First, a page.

Monday, 6 August 2012

vignette- a transcendental moment

Sunday 6th May 1979…Awoke to the warm glow of sunlight filling the room and the sounds of nothing – not even birdsong. It was 8:30. I felt as if someone had performed a lobotomy while I was in the grip of an alcoholically induced sleep. I drank too much beer last night and I felt quite convinced that a piece of my brain had been removed. I keep telling myself to give up drinking – it does me no good. The after effects are always bad.


To clear my head I decided to go for a walk in Abbey Park, and something rather strange happened.


I was standing in a tree-shaded walk overlooking the boating lake feeling relaxed and at peace with the world, listening to the water lapping, a counterpoint of birdsong, people laughing in the distance, the rustling sound of the trees about me and a faint buzzing sound which I could not identify but was either an insect or a more distant model airplane.


I looked at the boating lake, the ducks wading in the shallows, a minnow darting through the water, foraging for food, the reflection of sun through branches. I was totally open to everything around me. I had never ever felt so hypersensitive before this moment. My hands were tingling in my jacket pockets, so I brought them out slowly as if they were precious objects to be handled with reverence. They felt heavy but I wanted to lift them high, to outstretch my arms. However I felt, even then, a little restricted by my self-consciousness. So I simply stood absolutely still and rested my tingling hands on the rough fence before me. It was covered with pine needles, lichen and bird droppings.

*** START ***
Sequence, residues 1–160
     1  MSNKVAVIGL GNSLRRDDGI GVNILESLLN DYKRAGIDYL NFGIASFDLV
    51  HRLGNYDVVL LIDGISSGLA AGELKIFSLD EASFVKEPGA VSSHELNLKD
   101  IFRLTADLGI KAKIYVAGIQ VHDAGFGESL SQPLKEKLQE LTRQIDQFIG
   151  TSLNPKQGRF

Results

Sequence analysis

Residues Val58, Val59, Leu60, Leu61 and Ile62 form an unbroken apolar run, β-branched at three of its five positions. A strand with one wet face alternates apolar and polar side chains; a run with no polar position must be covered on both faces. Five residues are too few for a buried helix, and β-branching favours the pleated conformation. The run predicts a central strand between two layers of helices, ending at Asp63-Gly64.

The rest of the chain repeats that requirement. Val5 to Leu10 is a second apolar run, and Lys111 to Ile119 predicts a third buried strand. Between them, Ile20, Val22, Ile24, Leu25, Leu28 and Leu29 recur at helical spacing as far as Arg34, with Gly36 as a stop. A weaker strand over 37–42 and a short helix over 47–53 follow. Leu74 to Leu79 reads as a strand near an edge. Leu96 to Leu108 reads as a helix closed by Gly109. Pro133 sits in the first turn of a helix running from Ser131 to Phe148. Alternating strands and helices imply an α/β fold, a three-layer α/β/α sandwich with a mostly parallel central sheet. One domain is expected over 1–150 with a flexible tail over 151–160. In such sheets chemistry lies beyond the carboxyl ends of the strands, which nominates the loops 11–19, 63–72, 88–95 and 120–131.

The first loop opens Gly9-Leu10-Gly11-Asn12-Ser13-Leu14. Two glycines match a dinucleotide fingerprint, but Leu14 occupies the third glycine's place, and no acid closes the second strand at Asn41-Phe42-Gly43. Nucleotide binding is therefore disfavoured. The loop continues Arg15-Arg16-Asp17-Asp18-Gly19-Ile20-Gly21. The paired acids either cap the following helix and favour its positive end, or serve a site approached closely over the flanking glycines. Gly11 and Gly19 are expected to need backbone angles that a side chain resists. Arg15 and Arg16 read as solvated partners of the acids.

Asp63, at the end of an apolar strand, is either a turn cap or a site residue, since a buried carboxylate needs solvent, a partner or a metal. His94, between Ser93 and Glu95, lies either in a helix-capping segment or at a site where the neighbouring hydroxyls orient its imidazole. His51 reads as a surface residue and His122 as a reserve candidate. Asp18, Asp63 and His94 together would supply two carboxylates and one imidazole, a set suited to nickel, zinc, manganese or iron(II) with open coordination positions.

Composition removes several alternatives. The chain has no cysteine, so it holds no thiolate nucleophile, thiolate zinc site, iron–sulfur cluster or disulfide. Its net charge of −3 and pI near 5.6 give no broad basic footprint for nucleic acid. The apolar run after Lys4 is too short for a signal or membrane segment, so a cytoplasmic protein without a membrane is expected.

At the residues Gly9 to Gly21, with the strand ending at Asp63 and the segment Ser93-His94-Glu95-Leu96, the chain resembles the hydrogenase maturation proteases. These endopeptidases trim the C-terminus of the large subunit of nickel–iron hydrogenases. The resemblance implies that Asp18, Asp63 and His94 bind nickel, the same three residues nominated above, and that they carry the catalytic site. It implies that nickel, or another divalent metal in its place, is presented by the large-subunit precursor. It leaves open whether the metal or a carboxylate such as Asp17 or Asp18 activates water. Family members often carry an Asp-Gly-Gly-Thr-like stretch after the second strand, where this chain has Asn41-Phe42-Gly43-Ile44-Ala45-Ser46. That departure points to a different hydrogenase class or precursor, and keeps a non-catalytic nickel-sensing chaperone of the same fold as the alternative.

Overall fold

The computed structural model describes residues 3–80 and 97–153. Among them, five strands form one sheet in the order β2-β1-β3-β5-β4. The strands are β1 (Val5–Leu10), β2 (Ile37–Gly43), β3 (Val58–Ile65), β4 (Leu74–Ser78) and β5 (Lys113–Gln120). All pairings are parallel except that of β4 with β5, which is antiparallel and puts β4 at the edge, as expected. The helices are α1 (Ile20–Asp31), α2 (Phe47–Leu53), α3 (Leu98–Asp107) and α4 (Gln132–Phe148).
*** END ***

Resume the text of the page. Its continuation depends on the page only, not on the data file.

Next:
Suddenly I was overwhelmed by a feeling of immense calm expansiveness, and my body felt as if it were beginning to fall away and I was about to soar upwards above the trees, and over the lake. But just as abruptly the transcendental moment was broken, and I was jerked back. I realised that I had closed my eyes, and thus opened them again, fixing my gaze on some people in a boat coming towards me, and knew it was over – that moment of supreme self-forgetfulness, that near-merging with everything.


It was beautiful, deeply moving. I felt awed, privileged to have had such an experience. Wish I could have described it better but even now my head is unclear. Still, it was extraordinary and very real.

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